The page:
If the world keeps increasing its greenhouse gas emissions at the current speed, sea ice in the Arctic is expected to disappear in the 2030s; this may, at best, be postponed till the 2050s should emissions be lowered. This prediction is a decade earlier than what was estimated by the Intergovernmental Panel on Climate Change (IPCC): the ice-free Arctic by 2040s.
A possible ice-free Arctic in 2030-2050 was projected irrespective of humanity’s efforts to lower greenhouse gas emissions by Professors Seung-Ki Min and Yeon-Hee Kim associated with the Pohang University of Science and Technology (abbreviated POSTECH), precisely with the Division of Environmental Science and Engineering, as well as a collaborative group of researchers from Universität Hamburg in Germany and Environment Climate Change Canada. The research is published in Nature Communications, an international journal.
“Global warming” is now a household name. It was first used by a climate scientist associated with NASA in 1988. The Earth has observed a rapid fall in the ice area of the Arctic Sea as its temperature increased over several decades. Such a reduction in the Arctic sea ice has reportedly induced the acceleration of warming in the Arctic that is suggested to contribute to the enhanced frequency of extreme weather conditions, especially in the mid-latitude regions.
To predict the timing of the depletion of the Arctic sea ice, the research team analyzed data from 41 years, from 1979 to 2019. By comparing the results of several model simulations with three satellite observational datasets, it could be confirmed that the leading cause of this decline is “human-made greenhouse gas emissions”.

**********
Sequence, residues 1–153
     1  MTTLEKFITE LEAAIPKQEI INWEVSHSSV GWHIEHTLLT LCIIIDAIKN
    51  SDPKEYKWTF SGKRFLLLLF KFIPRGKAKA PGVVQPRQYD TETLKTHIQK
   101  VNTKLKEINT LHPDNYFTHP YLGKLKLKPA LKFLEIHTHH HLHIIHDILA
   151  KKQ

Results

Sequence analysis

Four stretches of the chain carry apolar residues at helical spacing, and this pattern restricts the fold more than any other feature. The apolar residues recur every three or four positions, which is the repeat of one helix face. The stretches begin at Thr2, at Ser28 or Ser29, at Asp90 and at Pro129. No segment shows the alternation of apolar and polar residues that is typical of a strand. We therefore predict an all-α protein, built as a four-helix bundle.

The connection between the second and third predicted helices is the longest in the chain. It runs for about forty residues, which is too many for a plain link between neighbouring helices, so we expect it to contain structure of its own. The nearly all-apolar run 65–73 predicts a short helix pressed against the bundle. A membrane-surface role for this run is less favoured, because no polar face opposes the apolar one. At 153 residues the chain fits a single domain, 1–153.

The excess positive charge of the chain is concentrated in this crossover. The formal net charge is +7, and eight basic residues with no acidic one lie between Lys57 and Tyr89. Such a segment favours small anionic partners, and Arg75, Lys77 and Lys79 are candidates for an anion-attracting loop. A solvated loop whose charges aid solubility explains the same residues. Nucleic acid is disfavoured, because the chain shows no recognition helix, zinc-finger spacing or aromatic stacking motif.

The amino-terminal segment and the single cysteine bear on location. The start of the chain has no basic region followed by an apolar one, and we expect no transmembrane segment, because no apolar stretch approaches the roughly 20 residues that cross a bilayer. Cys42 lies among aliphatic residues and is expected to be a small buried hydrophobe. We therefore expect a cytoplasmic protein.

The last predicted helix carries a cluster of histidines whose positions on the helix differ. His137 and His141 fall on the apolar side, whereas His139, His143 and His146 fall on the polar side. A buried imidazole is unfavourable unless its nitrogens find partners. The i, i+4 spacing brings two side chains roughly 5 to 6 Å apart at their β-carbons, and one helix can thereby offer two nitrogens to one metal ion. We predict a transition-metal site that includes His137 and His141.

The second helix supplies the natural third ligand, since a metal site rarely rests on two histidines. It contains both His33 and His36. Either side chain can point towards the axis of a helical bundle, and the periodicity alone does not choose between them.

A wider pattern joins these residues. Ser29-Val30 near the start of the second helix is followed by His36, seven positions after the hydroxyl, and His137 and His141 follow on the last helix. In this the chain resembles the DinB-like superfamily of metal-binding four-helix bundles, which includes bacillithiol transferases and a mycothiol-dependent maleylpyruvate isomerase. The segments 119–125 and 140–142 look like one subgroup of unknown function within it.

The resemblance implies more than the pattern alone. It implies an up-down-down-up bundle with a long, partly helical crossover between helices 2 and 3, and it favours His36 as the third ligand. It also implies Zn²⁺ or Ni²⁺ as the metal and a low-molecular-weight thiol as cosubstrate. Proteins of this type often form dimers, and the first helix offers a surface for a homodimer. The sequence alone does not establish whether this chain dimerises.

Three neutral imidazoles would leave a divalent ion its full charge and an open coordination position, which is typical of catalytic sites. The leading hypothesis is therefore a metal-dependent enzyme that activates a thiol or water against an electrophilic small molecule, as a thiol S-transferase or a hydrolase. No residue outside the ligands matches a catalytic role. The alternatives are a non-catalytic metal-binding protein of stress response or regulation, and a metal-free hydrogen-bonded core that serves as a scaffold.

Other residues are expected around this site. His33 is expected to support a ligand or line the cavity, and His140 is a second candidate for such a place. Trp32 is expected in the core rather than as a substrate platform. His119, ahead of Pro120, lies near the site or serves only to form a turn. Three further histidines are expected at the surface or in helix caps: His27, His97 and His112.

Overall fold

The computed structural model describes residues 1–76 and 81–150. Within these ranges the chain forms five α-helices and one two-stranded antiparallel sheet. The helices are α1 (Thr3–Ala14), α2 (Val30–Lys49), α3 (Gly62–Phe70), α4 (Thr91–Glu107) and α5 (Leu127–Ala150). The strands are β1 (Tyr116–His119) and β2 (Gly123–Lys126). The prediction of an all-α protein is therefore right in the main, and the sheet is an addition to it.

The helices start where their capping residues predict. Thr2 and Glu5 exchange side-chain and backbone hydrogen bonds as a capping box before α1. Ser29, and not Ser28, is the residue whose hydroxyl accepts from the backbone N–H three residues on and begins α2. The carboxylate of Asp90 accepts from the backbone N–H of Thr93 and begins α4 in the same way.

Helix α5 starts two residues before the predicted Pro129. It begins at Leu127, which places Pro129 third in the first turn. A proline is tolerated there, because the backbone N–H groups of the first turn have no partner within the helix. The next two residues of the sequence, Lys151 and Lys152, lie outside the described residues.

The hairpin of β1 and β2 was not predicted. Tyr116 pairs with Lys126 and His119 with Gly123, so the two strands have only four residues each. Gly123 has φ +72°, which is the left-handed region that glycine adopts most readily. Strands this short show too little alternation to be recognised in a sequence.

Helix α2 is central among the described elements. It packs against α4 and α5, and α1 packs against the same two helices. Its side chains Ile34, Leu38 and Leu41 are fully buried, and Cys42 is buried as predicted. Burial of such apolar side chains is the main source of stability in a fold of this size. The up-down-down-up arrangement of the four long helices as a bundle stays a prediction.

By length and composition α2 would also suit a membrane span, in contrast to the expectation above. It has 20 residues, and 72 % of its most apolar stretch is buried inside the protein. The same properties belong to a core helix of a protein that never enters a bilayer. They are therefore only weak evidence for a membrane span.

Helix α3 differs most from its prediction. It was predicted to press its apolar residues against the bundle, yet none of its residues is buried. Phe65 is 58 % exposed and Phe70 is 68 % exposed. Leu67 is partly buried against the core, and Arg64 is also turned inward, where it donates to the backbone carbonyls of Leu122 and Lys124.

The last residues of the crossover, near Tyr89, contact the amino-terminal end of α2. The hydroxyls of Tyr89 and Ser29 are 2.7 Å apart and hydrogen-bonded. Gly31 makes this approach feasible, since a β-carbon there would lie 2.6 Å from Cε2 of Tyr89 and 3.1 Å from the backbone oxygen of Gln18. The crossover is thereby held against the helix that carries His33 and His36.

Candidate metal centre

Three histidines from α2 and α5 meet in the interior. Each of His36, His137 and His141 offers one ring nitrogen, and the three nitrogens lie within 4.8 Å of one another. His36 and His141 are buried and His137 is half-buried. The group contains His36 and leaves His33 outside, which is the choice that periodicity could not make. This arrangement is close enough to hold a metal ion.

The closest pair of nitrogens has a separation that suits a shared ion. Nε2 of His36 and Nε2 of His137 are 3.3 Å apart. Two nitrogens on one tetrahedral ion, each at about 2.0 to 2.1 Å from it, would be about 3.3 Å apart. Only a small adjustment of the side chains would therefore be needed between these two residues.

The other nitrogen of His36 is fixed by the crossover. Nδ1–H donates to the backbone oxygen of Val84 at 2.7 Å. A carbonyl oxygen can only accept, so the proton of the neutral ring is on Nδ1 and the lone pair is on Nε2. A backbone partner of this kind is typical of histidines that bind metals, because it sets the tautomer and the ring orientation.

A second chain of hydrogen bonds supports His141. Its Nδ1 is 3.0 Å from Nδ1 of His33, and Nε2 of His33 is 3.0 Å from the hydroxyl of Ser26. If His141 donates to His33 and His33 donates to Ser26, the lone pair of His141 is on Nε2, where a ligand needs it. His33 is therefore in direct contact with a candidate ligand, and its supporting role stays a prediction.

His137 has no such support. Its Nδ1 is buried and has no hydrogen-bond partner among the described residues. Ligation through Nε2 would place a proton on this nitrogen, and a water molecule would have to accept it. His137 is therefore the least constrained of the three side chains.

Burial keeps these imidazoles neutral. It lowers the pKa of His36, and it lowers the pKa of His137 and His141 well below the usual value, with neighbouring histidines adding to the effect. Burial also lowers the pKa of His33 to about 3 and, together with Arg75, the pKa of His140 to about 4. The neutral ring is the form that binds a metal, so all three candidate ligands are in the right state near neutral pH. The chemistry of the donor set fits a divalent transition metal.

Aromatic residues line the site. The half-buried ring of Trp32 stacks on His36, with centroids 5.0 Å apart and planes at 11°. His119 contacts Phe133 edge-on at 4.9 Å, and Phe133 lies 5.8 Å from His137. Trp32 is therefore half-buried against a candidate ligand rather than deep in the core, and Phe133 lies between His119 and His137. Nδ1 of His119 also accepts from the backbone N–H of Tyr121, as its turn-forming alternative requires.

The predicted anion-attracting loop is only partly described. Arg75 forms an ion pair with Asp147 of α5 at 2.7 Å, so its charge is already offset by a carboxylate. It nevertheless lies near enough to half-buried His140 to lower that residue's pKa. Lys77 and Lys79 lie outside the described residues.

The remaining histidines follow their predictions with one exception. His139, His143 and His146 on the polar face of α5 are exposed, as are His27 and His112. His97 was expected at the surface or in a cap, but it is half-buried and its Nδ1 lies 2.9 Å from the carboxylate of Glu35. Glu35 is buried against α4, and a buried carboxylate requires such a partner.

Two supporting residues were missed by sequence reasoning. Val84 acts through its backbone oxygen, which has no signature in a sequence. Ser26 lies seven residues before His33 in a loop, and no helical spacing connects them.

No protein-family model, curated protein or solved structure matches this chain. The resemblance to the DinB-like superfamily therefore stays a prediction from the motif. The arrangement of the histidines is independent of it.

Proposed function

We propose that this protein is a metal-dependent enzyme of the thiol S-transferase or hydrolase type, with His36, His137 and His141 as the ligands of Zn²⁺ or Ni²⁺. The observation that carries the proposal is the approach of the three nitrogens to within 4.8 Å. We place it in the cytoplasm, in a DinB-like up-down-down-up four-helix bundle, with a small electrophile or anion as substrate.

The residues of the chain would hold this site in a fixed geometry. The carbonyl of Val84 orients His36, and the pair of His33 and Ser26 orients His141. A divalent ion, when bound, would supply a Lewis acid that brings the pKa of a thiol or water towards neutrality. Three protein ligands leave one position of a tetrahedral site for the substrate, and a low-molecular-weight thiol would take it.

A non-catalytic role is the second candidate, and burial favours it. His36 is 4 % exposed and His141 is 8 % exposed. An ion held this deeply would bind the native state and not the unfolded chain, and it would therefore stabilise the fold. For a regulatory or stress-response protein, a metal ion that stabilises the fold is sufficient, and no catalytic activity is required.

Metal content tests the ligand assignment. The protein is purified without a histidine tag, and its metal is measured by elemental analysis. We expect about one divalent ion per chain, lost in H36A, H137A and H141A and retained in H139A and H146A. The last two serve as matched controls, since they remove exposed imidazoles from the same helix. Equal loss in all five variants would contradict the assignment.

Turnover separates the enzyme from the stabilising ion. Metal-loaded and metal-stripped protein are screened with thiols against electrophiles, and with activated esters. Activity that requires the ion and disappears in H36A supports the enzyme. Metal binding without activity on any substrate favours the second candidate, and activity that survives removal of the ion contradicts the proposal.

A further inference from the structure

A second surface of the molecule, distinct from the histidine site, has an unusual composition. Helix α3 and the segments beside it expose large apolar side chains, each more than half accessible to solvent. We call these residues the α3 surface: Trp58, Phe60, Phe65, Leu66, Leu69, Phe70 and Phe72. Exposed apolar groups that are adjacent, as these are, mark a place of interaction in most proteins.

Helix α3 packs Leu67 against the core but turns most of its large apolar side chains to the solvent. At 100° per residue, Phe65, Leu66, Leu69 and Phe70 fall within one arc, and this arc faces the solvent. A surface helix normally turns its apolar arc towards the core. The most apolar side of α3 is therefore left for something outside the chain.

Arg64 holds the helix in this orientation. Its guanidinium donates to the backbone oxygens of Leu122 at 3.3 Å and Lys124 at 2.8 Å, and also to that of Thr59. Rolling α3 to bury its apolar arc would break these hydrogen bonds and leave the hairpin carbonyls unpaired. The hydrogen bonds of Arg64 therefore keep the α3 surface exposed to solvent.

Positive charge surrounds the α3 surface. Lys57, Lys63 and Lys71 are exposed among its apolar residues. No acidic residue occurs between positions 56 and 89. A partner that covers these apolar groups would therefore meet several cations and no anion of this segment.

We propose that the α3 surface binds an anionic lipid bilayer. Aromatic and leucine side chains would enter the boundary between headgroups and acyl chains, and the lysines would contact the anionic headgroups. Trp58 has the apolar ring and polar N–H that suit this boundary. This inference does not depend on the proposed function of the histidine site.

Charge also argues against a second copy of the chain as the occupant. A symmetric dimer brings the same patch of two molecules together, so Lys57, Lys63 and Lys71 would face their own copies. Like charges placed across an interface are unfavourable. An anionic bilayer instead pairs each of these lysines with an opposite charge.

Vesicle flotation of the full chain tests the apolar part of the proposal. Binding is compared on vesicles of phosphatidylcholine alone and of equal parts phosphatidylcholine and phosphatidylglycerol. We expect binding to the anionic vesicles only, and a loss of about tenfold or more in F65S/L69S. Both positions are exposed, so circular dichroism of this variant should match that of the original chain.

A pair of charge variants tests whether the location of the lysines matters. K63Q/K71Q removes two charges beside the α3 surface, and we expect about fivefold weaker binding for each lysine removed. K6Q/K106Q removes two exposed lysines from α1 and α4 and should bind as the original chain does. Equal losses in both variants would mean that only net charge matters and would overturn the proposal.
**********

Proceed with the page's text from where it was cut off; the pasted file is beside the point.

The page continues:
The emissions from the combustion of human fossil fuel and deforestation are the drivers of Arctic sea ice declination over these years, while the influence of solar and volcanic activities and aerosols has been minimal. A month-on-month analysis showed that enhanced greenhouse gas emissions were lowering Arctic sea ice all over the year, regardless of the timing or the season, even though September exhibited the least extent of reduction in sea ice.
It was also upheld that climate models deployed in earlier IPCC predictions typically underestimated this declining trend of sea ice, which was later taken into consideration to adjust simulation values for newer and future predictions. Results reflected increased decline rates across scenarios, confirming that Arctic sea ice could disappear entirely by the 2050s even with a steep fall in greenhouse gas emissions. Such a finding highlights that the vanishing of Arctic sea ice is possible even with carbon neutrality.
The increased decline of Arctic sea ice, even faster than what was earlier anticipated, is likely to have massive effects on the Arctic area, ecosystems, and human societies worldwide. Such a rapid reduction of sea ice is expected to result in more frequent extreme weather events like severe heat waves, cold waves, and hefty rainfalls globally, with the thawing of Siberian permafrost in the Arctic likely intensifying global warming even further. We may witness more terrifying scenarios, which we could only see in disaster movies, unfold before our eyes.
Professor Seung-Ki Min, who spearheaded the study, explained that they had observed an even faster Arctic sea ice depletion timing than the earlier IPCC predictions after they scaled model simulations from observational data.
He added that now we must be vigilant regarding the potential disappearance of ice in the Arctic Sea region, irrespective of the policies on carbon neutrality. He expressed the critical importance of evaluating climate change impacts that stem from the disappearance of Arctic sea ice and building up adaptation measures besides policies on carbon emission reduction.
References: The Hindu, Science Daily
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